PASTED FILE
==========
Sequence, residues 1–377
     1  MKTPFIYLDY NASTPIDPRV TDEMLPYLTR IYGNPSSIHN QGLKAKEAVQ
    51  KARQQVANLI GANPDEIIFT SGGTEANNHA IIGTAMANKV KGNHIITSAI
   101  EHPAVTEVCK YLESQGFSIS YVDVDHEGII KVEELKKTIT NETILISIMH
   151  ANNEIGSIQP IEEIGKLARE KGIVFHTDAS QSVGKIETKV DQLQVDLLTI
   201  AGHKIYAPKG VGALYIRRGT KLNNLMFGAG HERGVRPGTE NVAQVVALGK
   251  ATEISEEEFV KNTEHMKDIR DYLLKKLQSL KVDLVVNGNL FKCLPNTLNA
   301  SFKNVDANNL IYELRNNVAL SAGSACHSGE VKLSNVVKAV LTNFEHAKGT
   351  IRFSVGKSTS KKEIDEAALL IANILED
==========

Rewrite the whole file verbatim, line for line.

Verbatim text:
Sequence, residues 1–377
     1  MKTPFIYLDY NASTPIDPRV TDEMLPYLTR IYGNPSSIHN QGLKAKEAVQ
    51  KARQQVANLI GANPDEIIFT SGGTEANNHA IIGTAMANKV KGNHIITSAI
   101  EHPAVTEVCK YLESQGFSIS YVDVDHEGII KVEELKKTIT NETILISIMH
   151  ANNEIGSIQP IEEIGKLARE KGIVFHTDAS QSVGKIETKV DQLQVDLLTI
   201  AGHKIYAPKG VGALYIRRGT KLNNLMFGAG HERGVRPGTE NVAQVVALGK
   251  ATEISEEEFV KNTEHMKDIR DYLLKKLQSL KVDLVVNGNL FKCLPNTLNA
   301  SFKNVDANNL IYELRNNVAL SAGSACHSGE VKLSNVVKAV LTNFEHAKGT
   351  IRFSVGKSTS KKEIDEAALL IANILED